Ad analysis: Tech giant seizes upon old talking points to warm up to fickle consumers
Fueled by sales of its iPhones and iPads, Apple is a corporate giant and technology titan. In the second quarter, Apple notched revenue of $43.6 billion and net profit of $9.5 billion. Compare that to the New York Times Co., which generated just under $2 billion for all of 2012.
Yet Apple is strumming on its roots in a new ad campaign that creates the impression the colossus is merely a small, sophisticated cadre of well-meaning folks who just happen to create magical devices that transform our lives. In doing so, Apple nods to an earlier era when it was seen as an upstart, not an entrenched player that dominated markets and consumer sentiment.
“We’re engineers and artists. Craftsmen and inventors,” reads the copy accompanying one of the print ads in the new campaign. “We sign our work. You may rarely look at it. But you’ll always feel it.” The tagline: “Designed by Apple in California.” As if anyone could just stumble upon the company’s campus and wade into the glory. A spokeswoman for Apple’s ad agency, TBWA\Media Arts Lab, declined to comment.
Apple is offering up a new twist on an old ploy: Talking small and thinking big. Apple seized the nation’s fancy wayyyyy back in 1984 when it ran a Super Bowl commercial depicting an athlete hurling a large hammer at a screen broadcasting the numbing jargon of a Big Brother-type figure. The spot was seen as a jab against tech behemoth IBM, which Apple hoped to take on with its new Macintosh. Later, in 2006, Apple tilted at Microsoft with a humorous series of “Mac vs. PC” ads that featured actor Justin Long as a hip, easygoing Mac showing up a fussy, doddering PC played by John Hodgman.
There’s no way in this day and age Apple can be considered a start-up. So why is the company acting as if it is?
During a period when Apple has little product news with which to overwhelm Twitter, burnishing its reputation may be the way to go, suggests Gene Munster, a Piper Jaffray analyst who has followed the tech concern for years. Munster says the “California” campaign reinforces the notion that well-made devices take time – a nice note for investors who know Apple’s stock tends to grow when it has a brand-spanking-new gadget to draw the public notice and generate buzz for its wares. With talk of an Apple TV and some sort of iWatch in the offing, the current ad effort may simply be something thrown out to the masses to mull as they wait for new iGizmos, Munster said.
Others view the campaign as a defensive maneuver. According to Munster, Apple’s youth appeal, while significant, isn’t growing as it once did. So the company has to appeal to a broader swath of customers, some of whom may be turned off by pokes at tech giants by another tech giant (a reason why we have yet to see an Apple ad take a smack at rival Samsung). Rather than putting IBM or Microsoft in its sights, Apple is simply burnishing its rebellious history in a gather-round-the-campfire kind of way. “These commercials make them more mainstream—softer and friendlier,” said Jim Marra, a professor of advertising at Philadelphia’s Temple University. “They say, ‘You can count on us, we have the reputation.'”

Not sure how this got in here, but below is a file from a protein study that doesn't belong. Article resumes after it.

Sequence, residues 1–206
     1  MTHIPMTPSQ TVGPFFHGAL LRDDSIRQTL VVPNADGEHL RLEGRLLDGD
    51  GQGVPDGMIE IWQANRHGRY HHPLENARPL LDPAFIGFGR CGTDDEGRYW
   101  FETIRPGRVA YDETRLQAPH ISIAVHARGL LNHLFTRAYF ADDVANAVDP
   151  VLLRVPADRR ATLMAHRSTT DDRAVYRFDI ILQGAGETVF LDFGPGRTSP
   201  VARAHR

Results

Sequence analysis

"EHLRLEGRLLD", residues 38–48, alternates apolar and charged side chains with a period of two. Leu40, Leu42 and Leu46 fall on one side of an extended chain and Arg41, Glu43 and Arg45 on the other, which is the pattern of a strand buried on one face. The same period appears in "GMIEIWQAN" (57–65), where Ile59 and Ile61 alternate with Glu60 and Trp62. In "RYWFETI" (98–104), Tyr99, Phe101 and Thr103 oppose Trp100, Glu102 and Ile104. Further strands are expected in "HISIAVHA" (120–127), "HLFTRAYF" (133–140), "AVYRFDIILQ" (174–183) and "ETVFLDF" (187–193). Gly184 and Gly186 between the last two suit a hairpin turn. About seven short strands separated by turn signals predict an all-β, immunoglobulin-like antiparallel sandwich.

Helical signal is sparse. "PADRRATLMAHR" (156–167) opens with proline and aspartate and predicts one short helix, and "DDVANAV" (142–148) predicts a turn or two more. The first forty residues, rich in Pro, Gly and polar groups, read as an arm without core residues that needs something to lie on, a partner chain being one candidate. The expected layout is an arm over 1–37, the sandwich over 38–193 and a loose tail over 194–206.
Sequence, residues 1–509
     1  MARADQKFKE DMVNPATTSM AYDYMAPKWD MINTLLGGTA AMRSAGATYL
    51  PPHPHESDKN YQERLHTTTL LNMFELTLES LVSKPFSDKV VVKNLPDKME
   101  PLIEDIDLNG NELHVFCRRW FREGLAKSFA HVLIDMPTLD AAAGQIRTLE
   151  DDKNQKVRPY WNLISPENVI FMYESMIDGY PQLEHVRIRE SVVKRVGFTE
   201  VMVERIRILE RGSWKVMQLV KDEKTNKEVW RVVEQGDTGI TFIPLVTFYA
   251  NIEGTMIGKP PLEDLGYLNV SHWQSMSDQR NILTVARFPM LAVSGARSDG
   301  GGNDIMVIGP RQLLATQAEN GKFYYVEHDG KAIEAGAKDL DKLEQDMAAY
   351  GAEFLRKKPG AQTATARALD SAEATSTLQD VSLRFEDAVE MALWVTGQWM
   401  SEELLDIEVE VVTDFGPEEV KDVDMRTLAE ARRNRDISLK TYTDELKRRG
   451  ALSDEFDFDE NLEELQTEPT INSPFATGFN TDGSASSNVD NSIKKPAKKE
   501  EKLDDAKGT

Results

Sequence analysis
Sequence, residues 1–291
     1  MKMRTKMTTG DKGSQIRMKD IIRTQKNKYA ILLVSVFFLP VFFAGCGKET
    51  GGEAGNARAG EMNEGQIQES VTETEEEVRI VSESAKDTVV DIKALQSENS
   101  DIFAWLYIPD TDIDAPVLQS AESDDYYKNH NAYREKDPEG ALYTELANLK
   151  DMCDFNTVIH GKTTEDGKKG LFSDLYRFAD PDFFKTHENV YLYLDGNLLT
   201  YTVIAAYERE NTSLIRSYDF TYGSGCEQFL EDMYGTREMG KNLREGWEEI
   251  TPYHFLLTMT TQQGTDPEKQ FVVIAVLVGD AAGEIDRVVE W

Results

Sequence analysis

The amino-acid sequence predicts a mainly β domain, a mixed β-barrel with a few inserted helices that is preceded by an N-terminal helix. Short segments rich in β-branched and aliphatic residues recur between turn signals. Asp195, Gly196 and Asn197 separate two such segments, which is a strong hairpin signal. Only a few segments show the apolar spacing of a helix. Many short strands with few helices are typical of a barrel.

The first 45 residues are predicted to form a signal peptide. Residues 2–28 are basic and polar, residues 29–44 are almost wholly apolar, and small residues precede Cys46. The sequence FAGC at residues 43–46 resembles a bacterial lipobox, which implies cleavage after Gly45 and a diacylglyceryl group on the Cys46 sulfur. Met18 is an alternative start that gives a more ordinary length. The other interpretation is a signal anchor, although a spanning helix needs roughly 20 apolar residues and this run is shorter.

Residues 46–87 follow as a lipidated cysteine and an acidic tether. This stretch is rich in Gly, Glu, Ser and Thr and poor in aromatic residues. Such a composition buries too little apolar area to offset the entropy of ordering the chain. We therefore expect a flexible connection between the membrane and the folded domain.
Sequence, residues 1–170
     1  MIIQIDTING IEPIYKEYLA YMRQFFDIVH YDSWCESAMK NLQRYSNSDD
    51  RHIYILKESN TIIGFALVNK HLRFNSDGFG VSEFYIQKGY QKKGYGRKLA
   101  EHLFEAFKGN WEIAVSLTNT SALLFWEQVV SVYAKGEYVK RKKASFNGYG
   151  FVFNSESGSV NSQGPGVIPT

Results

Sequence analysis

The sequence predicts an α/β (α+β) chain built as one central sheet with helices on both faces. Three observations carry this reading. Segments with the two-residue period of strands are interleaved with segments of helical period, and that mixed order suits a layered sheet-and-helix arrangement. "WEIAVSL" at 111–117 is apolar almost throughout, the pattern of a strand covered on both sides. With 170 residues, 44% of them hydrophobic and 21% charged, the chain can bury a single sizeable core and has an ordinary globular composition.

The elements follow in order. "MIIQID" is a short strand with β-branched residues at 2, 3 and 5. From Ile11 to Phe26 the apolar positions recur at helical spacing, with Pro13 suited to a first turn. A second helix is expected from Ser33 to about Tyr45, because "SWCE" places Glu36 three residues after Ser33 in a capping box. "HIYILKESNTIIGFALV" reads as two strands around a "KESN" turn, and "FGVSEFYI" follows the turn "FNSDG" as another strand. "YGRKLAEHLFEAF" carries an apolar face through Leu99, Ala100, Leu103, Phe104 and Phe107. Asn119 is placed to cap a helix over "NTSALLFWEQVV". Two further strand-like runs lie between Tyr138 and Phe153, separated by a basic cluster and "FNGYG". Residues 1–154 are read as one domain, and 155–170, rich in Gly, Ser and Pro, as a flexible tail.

If only Apple had something new to sell, too! “The marketplace has not seen significant game-changers since [Steve] Jobs,” noted Mark Faust, a corporate strategist who counsels companies on how to grow.
The emphasis on “California” also brings to mind a campaign from another big advertiser who found itself needing to curry public favor. Chrysler was on the outs after the recent recession, and snatched up two minutes in the 2011 Super Bowl to tell viewers – with the backing of an Eminem song – that its cars were “Imported from Detroit” (even though the company is these days owned by Italian automaker Fiat). Is Apple also trying to convey the thought that its products are designed by Americans (albeit manufactured byt the Chinese) in hopes of wooing away support from Samsung, its South Korean rival?
Apple advertising once captured the imagination and was universally considered cool. The “California” effort is the latest in a series of wild swings that have the company in one instance using celebrities like Zooey Deschanel and Samuel L. Jackson to sell its voice-operated Siri assistant, and in another offering an awkward “Genius” character from its stores to help solve technical dilemmas. These ads are a far cry from the company’s bewitching animated iPod spots, its “Think Different” campaign or its iPod blurb offering a sneak preview of U2 singing “Vertigo.”
Now Apple is as likely to produce commercial misfires as anyone with a smokeless ashtray to sell. Maybe that’s by dint of the fact that it’s producing more commercials these days in order to sell more products.
Whatever it is Apple designs in California, it’s not clear that any of it will hypnotize the public the way its commercials did in an earlier, more innocent time.